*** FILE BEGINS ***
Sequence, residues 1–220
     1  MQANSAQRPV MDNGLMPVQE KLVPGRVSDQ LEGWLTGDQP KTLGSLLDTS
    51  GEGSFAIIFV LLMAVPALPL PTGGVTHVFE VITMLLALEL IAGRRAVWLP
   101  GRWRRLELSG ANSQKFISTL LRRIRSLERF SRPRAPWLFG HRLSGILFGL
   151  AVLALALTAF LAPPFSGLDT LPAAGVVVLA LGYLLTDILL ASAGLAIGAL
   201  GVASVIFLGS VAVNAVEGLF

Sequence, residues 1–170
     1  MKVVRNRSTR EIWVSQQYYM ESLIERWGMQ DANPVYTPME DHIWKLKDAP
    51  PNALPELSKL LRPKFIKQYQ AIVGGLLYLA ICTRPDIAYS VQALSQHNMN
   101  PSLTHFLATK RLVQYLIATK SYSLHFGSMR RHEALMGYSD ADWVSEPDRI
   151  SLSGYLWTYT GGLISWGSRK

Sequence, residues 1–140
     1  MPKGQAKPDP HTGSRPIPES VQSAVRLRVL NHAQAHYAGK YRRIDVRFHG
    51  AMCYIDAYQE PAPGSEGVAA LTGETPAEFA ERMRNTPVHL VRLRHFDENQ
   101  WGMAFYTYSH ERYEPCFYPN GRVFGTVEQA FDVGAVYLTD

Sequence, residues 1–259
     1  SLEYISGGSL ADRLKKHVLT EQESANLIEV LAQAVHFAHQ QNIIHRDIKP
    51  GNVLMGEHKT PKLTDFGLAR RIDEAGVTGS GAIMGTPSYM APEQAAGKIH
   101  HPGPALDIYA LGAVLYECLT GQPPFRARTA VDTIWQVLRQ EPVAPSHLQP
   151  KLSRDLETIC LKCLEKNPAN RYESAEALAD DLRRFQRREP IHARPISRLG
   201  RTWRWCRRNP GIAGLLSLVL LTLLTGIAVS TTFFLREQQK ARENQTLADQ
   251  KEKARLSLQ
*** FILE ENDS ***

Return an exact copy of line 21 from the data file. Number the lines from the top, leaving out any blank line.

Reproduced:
   201  RTWRWCRRNP GIAGLLSLVL LTLLTGIAVS TTFFLREQQK ARENQTLADQ